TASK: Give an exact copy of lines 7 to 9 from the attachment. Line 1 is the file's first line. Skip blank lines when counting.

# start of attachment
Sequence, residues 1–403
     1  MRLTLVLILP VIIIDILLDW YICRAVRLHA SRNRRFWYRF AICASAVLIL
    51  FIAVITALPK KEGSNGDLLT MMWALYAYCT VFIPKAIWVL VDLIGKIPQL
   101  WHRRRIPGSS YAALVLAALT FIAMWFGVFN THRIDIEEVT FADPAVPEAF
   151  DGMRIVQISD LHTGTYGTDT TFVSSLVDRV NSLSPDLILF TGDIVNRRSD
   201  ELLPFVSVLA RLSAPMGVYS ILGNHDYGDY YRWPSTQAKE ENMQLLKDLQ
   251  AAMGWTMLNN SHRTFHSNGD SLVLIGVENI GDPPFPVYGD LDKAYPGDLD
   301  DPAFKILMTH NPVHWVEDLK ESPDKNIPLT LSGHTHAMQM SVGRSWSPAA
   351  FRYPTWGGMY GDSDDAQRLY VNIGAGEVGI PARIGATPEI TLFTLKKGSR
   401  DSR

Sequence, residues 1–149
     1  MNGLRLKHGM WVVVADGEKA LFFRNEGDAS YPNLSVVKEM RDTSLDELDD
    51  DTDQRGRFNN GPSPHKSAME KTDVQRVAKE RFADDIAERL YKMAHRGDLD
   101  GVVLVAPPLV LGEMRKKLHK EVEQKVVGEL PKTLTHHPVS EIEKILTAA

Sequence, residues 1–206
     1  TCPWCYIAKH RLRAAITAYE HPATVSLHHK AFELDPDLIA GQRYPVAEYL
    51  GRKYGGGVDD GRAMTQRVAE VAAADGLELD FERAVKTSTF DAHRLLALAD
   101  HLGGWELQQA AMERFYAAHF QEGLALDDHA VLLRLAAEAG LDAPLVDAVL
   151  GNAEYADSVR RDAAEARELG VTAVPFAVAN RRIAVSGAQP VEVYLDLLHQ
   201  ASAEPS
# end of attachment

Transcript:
   251  AAMGWTMLNN SHRTFHSNGD SLVLIGVENI GDPPFPVYGD LDKAYPGDLD
   301  DPAFKILMTH NPVHWVEDLK ESPDKNIPLT LSGHTHAMQM SVGRSWSPAA
   351  FRYPTWGGMY GDSDDAQRLY VNIGAGEVGI PARIGATPEI TLFTLKKGSR